North Ave. Beach Closed For Safety Concerns
Updated 5/30/2011 at 6:15 p.m.
CHICAGO (CBS) -- Chicago police closed North Avenue Beach early Monday evening for safety concerns after four people were transported to the hospital for heat exhaustion.
The announcement about the safety-related closure came over the public-address system shortly after 6 p.m., CBS 2's Mai Martinez reports. A firefighting crew sprayed crowds with a mist of water from a 2 1/2-inch hose as beach-goers made their way from the lakefront.
LISTEN: Newsradio 780's Mary Frances Bragiel Reports
Several ambulances were called to the beach about 5:30 p.m. after several people began feeling sick on the beach, Fire Media Affairs Dir. Larry Langford said. "They started falling down and were lightheaded," he said.
One of the transported patients, an 18-year-old man, was unresponsive and taken to Northwestern Memorial Hospital in critical condition, Langford said. Three others were in stable condition, and a few other people declined medical attention, he said.
"They just started throwing us all off the beach -- literally," beachgoer Jennifer Epley said after police sent everyone home. "The cops were walking up and down, saying, 'You need to get out of the water.'"
Earlier Monday, at least six people who attended Memorial Day parades in the Joliet area were taken to hospitals, suffering from heat exhaustion.
The beach closure capped a day of temperatures hovering around the 90-degree mark during the Memorial Day holiday.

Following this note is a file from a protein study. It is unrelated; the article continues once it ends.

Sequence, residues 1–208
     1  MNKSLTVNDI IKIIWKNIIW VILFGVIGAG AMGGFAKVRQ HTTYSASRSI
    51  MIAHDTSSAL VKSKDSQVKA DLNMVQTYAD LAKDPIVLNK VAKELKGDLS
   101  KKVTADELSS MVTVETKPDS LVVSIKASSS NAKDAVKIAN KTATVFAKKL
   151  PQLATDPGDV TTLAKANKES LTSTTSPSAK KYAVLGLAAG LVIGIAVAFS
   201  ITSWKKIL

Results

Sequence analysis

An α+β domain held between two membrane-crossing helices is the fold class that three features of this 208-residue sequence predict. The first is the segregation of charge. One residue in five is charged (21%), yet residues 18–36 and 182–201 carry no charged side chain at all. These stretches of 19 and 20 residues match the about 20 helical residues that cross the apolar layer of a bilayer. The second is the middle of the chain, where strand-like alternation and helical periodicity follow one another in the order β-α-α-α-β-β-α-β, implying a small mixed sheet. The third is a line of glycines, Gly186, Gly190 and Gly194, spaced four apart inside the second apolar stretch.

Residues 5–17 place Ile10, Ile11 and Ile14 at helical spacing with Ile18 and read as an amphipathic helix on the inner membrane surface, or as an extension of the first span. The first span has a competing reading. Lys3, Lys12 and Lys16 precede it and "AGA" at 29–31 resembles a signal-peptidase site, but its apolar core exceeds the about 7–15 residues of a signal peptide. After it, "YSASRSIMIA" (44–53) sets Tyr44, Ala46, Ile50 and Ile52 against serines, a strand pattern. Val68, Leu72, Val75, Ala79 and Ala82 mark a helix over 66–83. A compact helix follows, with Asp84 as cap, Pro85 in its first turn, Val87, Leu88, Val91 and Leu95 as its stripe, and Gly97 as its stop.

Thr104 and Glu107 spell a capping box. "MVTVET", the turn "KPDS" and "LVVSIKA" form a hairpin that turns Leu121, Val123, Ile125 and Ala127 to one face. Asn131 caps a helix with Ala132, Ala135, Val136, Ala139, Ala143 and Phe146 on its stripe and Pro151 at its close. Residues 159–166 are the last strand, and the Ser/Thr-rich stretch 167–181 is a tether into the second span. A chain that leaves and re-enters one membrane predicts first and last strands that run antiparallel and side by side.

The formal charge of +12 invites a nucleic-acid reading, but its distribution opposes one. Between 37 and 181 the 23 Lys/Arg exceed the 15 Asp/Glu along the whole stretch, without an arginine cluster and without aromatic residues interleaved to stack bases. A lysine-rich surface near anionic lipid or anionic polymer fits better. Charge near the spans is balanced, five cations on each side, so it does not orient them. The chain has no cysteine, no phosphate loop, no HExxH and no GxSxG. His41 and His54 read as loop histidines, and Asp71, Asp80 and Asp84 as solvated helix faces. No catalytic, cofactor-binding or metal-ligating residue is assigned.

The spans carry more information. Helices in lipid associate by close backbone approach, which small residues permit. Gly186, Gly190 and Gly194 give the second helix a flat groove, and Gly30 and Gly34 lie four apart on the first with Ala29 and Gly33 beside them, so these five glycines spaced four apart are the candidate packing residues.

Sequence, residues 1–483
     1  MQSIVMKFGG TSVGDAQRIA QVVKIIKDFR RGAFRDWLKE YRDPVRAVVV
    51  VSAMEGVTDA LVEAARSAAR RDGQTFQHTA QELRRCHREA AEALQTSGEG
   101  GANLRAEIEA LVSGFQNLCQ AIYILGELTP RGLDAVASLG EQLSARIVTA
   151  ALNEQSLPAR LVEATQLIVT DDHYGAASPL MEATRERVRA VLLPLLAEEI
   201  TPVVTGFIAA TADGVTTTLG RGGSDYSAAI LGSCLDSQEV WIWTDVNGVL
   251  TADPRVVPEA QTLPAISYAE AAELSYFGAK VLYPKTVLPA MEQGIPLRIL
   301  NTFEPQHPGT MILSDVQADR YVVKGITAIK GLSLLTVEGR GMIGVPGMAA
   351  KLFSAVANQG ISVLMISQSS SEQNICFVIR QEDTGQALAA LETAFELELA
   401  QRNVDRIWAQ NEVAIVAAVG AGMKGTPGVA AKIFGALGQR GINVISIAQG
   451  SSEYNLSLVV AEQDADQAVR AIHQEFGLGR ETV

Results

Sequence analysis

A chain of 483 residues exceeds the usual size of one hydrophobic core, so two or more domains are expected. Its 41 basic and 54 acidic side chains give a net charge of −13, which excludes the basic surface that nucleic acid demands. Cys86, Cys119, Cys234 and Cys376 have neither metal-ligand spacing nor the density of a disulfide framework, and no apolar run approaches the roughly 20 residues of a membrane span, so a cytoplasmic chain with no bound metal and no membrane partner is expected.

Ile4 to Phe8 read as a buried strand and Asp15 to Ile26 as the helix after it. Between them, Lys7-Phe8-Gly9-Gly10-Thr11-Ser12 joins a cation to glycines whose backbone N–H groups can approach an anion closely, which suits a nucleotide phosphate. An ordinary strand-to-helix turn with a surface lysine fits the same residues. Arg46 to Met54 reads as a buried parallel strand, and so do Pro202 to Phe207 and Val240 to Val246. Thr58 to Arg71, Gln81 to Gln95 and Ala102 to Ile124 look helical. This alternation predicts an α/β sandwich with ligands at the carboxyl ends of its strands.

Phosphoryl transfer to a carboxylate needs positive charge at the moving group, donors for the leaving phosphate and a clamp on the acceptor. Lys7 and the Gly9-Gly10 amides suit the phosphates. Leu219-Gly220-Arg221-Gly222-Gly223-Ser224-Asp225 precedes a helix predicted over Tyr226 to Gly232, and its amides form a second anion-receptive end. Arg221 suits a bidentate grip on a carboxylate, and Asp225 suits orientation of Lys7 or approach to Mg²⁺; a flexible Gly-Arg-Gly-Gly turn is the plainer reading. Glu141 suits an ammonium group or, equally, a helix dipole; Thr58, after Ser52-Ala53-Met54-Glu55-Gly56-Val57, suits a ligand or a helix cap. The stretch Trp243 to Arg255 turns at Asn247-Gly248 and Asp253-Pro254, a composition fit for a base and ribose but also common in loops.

Chicagoans headed to lakefront beaches in droves to get some relief from the heat.
By noon, it was hard to find even a few feet of empty space on the sand.
"It's like a relief. It's really just a relief because you know being in the city it's so cold all winter and we're all just pent up, and we're all just been waiting and obviously we all came out," said Braden Turner.
Asked what it was like to get her feat in the sand on a sunny day at the beach, after a long Chicago winter, beachgoer Shannon Serva said, "It's fabulous, and just to have your toes done so people can see it is great."
Samantha Kuebler said she hadn't been waiting for Monday's weather as long as everyone else at the beach, "because I love the winter. … Even the winter we just had. It was the best. It snowed all the time."
Of course, she was in the minority on Monday. Many said they've been dreaming of the sand, sun, and surf for months and nothing was going to keep them away.
For some, not even an injury would stop them from hitting the beach.
Eben Hamilton's crutches couldn't keep him away from the lakefront.
"It's a beautiful day. Finally, it's a beautiful day," he said.
Everywhere you looked, people were enjoying it, including plenty of people who took a dip in the lake to beat the heat – even though the water was still very cold. According to the Chicago Park District, the water temperature at Chicago beaches was only 53 degrees on Monday.
The hottest Memorial Days in Chicago were recorded in 1942 and 1953 when the mercury hit 93 degrees, National Weather Service meteorologist Charles Mott said. But so far Monday, the Chicago area has only reached a high of 87 degrees at O'Hare International Airport, he said.
Still, there's no denying it's hot. The heat index, how the temperature actually feels, was recorded at 92 degrees at Midway Airport at 2 p.m., the weather service said.
Only eight of the past 138 Memorial Days in Chicago have had high temperatures at or above 90 degrees, the weather service said.
The last time the temperature rose above 90 degrees on Memorial Day was 2006, when the high hit 91 degrees, according to the weather service. Other years that broke the 90-degree mark include 1994, 1988, 1978, 1953, 1944, 1942 and 1895.
Monday will also bring winds of 10 to 20 miles per hour, gusting occasionally to 25 or 30 miles per hour, and lows in the mid- to lower-70s, according to the weather service.
Tuesday will reach a balmy 88 degrees and there's a 60 percent of showers, the weather service said.
(The Sun-Times Media Wire contributed to this report.)
for more features.